PRISTINA, Kosovo (AP) — NATO-led peacekeepers in Kosovo said Monday they are investigating a shooting incident in a tense northern region, urging calm after Serbia sent its army chief to the border area in response.
The incident on Sunday evening took place in Zubin Potok, a town in northern Kosovo where local ethnic Serbs have been manning road barricades for the past two weeks and where tensions have been running high between the two former wartime foes.
The peacekeepers, known as KFOR, said the incident happened in close proximity of one of their patrols, involving unknown people. A statement said no one was injured and “we are working to establish all the facts.”
Kosovo remains a potential flashpoint in the Balkans years after the 1998-99 war that ended with NATO intervention. Serbia does not recognize the 2008 declaration of independence of its former province, while Western efforts to mediate a solution so far have failed.
“It is important for all involved to avoid any rhetoric or actions that can cause tensions and escalate the situation,” KFOR said in a statement. “We expect all actors to refrain from provocative shows of force and to seek the best solution to ensure the safety and security of all communities.”
Fears of incidents have soared since the start of the war in Ukraine. The United States and most European Union countries have recognized Kosovo’s independence, while Serbia has relied on Russia and China in its bid to maintain claim on the province.
Tensions in Kosovo have risen further in recent weeks and months over several issues amid international efforts to step up mediation efforts. Most recently, ethnic Serbs in the north put up road blocks in protest of an arrest of a former Serb policeman.
Serbs in the north previously had walked out of Kosovo’s institutions, claiming harassment by the Kosovo authorities. Belgrade repeatedly has warned it would protect local Serbs “with all means” if they are attacked.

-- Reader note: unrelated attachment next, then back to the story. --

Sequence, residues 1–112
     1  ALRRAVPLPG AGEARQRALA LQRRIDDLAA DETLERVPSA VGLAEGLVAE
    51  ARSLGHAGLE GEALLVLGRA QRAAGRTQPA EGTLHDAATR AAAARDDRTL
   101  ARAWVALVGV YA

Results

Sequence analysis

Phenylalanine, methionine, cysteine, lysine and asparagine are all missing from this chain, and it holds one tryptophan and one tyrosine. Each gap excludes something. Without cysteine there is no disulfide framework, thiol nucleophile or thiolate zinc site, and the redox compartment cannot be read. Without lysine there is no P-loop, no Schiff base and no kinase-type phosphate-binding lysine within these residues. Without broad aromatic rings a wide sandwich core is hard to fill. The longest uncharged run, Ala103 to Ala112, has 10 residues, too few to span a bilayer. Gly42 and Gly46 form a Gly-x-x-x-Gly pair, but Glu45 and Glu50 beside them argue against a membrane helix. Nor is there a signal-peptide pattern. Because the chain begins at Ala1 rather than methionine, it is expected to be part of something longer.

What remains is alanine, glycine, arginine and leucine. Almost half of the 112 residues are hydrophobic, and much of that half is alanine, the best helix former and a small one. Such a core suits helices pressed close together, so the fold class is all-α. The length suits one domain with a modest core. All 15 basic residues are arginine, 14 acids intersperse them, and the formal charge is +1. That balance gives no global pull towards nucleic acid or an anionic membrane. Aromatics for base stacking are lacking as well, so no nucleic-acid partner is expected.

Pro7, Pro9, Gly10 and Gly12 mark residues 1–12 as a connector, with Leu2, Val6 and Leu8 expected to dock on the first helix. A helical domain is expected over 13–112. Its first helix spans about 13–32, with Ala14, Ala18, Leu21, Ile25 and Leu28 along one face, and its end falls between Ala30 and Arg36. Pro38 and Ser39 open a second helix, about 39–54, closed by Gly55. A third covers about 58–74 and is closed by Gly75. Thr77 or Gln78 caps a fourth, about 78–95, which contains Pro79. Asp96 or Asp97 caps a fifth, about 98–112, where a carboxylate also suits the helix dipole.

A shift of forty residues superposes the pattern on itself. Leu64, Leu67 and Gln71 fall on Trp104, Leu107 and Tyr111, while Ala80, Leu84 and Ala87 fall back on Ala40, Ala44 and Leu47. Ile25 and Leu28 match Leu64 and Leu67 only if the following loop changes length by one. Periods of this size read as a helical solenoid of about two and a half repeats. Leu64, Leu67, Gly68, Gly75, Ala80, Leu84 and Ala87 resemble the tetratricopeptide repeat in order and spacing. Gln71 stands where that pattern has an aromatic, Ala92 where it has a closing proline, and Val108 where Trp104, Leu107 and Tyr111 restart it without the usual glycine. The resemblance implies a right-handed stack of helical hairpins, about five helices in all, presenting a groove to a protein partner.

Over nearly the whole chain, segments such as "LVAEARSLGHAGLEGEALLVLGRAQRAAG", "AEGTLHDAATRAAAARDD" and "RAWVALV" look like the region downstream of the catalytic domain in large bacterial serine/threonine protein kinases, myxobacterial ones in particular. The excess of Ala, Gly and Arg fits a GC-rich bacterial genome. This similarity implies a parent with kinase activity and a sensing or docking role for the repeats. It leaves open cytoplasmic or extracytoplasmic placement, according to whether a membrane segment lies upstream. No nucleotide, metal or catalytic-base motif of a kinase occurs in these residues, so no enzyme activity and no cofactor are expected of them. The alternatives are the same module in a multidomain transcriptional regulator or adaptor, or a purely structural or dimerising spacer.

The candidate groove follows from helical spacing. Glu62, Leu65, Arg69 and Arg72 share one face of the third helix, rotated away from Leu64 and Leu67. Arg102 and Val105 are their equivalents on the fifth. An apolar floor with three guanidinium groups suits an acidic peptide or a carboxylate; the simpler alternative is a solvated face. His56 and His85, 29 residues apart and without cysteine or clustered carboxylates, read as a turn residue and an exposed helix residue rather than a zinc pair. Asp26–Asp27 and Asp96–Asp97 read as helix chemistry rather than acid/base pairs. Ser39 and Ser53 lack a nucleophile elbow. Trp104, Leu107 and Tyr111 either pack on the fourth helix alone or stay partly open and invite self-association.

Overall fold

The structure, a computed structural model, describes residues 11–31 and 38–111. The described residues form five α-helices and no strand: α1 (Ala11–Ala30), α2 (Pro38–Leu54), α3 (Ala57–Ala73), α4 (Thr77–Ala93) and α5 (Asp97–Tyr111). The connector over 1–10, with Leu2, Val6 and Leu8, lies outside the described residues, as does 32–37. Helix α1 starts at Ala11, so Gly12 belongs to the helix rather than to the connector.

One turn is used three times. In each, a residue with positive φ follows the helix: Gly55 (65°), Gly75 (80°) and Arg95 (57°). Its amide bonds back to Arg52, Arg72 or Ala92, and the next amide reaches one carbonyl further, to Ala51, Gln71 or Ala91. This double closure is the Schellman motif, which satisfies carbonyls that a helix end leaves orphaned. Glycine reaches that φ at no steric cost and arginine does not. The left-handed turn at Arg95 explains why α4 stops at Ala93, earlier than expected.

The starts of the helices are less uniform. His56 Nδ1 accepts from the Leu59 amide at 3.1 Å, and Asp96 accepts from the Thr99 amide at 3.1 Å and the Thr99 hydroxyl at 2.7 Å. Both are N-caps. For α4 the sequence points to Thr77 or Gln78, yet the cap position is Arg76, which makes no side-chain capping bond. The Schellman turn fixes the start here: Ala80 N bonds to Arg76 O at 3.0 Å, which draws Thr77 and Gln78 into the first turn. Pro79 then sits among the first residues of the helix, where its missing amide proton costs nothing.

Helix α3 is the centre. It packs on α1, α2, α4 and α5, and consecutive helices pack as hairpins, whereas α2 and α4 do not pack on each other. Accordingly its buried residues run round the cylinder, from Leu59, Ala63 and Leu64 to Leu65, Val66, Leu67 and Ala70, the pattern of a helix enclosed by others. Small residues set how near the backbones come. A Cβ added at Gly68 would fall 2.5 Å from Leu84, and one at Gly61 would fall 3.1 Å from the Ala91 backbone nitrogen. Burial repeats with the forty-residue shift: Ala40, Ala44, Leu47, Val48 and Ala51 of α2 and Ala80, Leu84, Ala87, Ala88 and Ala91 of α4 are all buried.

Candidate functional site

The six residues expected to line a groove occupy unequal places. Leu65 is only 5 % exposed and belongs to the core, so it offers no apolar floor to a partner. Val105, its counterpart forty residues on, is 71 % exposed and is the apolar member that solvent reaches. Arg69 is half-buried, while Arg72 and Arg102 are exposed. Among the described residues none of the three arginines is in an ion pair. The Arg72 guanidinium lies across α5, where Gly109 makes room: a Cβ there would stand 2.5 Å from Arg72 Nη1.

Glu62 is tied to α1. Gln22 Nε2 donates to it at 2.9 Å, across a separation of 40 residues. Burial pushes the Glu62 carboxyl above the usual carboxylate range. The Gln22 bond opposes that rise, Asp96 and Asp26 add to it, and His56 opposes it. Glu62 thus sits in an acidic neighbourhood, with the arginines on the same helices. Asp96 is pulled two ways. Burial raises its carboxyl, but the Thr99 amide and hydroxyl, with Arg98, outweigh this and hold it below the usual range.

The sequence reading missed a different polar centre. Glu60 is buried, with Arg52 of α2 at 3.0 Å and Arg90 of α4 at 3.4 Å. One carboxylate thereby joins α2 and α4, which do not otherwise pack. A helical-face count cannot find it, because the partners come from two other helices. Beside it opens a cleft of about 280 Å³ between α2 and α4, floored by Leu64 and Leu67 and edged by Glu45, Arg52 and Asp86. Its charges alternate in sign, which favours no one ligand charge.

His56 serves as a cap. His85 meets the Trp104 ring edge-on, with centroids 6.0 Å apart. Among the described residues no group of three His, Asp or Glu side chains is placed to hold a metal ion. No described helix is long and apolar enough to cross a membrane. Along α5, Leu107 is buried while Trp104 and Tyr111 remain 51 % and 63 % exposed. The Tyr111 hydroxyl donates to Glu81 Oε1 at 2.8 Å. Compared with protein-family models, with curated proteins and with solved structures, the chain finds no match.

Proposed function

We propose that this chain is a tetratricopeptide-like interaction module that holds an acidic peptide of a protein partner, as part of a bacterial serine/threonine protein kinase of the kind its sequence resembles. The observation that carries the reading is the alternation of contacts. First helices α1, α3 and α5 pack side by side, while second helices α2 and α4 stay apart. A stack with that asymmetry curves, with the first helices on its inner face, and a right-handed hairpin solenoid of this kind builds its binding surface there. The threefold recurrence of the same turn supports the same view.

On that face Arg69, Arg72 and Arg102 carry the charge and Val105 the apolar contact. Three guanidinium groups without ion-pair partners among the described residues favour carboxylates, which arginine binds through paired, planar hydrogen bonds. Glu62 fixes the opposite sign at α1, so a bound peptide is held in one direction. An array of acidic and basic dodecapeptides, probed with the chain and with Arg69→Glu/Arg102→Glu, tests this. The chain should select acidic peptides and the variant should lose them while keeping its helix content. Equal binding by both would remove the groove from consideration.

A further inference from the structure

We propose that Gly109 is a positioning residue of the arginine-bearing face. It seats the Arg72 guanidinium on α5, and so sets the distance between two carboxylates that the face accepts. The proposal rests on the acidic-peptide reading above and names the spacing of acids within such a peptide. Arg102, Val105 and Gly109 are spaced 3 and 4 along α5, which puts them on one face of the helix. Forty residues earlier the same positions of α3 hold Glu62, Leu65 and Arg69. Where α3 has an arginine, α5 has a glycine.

Kosovo’s government has asked NATO troops — which deployed in 1999 after the Alliance bombed Serbia into leaving Kosovo — to remove the Serb roadblocks.
Serbia on Sunday held a top-level meeting after the shooting incident, with the army chief of staff later heading to the southern town of Raska, near Kosovo, where Serbian army troops are located. Local media carried a video with shots and shouts heard but not showing clearly what happened at one of the barricades.
Gen. Milan Mojsilovic told local media that the army received “clear and precise” directions from Serbia’s populist President Aleksandar Vucic. Mojsilovic described the situation as “serious,” adding that it requires “presence of the Serbian army along the administrative line” with Kosovo, the state RTS television said.
Serbia has asked KFOR to deploy up to 1,000 of its troops in the Serb populated north of Kosovo, to protect Kosovo Serbs from alleged harassment by ethnic Albanians, who are the majority in the country. The request has so far not been granted.